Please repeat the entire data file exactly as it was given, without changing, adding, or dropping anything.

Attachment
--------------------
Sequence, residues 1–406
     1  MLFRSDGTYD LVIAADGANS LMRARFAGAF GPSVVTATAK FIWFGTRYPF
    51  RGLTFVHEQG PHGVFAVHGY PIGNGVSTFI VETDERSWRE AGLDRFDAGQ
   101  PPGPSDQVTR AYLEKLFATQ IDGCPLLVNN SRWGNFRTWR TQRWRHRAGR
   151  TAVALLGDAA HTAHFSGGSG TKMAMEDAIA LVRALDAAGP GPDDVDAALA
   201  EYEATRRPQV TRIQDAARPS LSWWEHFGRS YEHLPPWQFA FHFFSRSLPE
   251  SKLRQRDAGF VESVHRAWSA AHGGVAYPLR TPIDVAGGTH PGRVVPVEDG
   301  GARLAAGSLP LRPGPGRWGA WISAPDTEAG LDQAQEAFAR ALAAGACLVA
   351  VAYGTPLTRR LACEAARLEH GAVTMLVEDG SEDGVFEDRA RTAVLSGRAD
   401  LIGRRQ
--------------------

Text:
Sequence, residues 1–406
     1  MLFRSDGTYD LVIAADGANS LMRARFAGAF GPSVVTATAK FIWFGTRYPF
    51  RGLTFVHEQG PHGVFAVHGY PIGNGVSTFI VETDERSWRE AGLDRFDAGQ
   101  PPGPSDQVTR AYLEKLFATQ IDGCPLLVNN SRWGNFRTWR TQRWRHRAGR
   151  TAVALLGDAA HTAHFSGGSG TKMAMEDAIA LVRALDAAGP GPDDVDAALA
   201  EYEATRRPQV TRIQDAARPS LSWWEHFGRS YEHLPPWQFA FHFFSRSLPE
   251  SKLRQRDAGF VESVHRAWSA AHGGVAYPLR TPIDVAGGTH PGRVVPVEDG
   301  GARLAAGSLP LRPGPGRWGA WISAPDTEAG LDQAQEAFAR ALAAGACLVA
   351  VAYGTPLTRR LACEAARLEH GAVTMLVEDG SEDGVFEDRA RTAVLSGRAD
   401  LIGRRQ